Recently I had the pleasure of participating in a media round table luncheon hosted by PRSA Colorado.  I was asked questions about newsroom staffing, editorial decision making, press release preferences, best newsroom contacts, best times to call, and much more.   It seems I’ve taken a lot of questions about press releases lately; or maybe it’s because the luncheon happened not long ago so it just seems like a lot more than normal.

I haven’t written much about press releases since Good-bye press release I didn’t even open. I admit I was pretty harsh in what I wrote – even though it’s the truth and I stand by every word still today.  I don’t want to come across nearly as harsh in this and I definitely don’t want to imply I or other journalists know it all.

In fact I know of a reporter who recently left the industry to go into the PR field.  The news desk received this person’s first press release this week and I wanted to scream.  The date of the event was in the very last line of a two page press release with a link to a web page to get the rest of the information, such as time and location.  I literally banged my head lightly against the desk and wondered how this former-journalist didn’t get it.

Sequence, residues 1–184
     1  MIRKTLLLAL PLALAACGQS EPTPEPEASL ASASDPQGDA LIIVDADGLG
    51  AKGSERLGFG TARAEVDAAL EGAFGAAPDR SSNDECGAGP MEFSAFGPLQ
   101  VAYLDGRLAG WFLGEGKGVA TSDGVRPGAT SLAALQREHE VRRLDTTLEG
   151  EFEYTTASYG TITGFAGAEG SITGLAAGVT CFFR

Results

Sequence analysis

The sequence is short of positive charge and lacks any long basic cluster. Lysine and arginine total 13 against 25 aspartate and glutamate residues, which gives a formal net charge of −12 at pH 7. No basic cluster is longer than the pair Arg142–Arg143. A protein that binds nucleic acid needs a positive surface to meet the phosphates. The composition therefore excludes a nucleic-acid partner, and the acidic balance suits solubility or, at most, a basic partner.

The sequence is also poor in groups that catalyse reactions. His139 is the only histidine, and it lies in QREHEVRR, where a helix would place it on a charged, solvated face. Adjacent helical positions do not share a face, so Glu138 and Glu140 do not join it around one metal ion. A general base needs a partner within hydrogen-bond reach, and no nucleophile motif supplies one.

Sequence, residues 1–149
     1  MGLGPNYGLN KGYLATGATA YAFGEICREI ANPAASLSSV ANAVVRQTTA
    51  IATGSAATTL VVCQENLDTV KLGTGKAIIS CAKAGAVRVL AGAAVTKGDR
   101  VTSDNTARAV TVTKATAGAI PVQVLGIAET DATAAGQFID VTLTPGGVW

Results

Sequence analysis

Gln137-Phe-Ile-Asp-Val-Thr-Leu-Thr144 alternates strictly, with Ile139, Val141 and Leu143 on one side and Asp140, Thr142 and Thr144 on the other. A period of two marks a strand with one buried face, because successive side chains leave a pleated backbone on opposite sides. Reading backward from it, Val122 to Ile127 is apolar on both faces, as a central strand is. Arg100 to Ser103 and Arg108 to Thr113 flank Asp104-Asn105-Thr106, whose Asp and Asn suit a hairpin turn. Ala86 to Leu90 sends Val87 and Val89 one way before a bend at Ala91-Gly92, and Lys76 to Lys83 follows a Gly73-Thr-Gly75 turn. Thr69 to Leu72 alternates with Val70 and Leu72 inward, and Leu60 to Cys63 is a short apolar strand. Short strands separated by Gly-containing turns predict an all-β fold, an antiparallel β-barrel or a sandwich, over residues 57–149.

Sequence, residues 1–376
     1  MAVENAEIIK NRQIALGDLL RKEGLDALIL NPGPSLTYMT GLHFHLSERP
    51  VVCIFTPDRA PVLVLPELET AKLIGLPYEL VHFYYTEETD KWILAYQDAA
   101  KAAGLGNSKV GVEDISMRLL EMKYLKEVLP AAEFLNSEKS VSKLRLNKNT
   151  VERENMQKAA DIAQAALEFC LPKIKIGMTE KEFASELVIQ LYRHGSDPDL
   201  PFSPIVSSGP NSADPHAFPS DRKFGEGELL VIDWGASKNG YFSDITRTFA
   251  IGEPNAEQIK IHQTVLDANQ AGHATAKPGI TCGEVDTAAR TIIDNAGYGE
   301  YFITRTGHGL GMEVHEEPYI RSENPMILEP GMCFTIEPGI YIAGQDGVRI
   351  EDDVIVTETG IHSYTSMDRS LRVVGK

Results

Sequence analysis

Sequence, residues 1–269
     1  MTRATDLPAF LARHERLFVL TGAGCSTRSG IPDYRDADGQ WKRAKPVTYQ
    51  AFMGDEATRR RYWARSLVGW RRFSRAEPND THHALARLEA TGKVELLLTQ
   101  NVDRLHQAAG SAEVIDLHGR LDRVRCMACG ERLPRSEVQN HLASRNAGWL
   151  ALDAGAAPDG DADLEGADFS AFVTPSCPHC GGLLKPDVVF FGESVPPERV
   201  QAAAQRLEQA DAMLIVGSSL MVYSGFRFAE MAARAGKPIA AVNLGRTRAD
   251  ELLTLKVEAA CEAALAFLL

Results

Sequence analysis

In light of the above I humbly submit the following 10 press release etiquette tips and requests:

1.       There’s a reason every journalist and PR professional is taught about Who, What, Where, When, Why, and How in class 101.  This is the meat and bones of any story and press release.  If it’s not at the very top, like within the first two paragraphs, the likelihood of your event being filed decreases and its chance to be trashed increases exponentially.
        Out of the famous  W’s & H, the most important in releases promoting a future event is the when.  Often I look for the date and time only so I can file it for future discussion.  To be brutally honest I don’t care who’s going to be there or why the event is happening until the day before or the day of the event.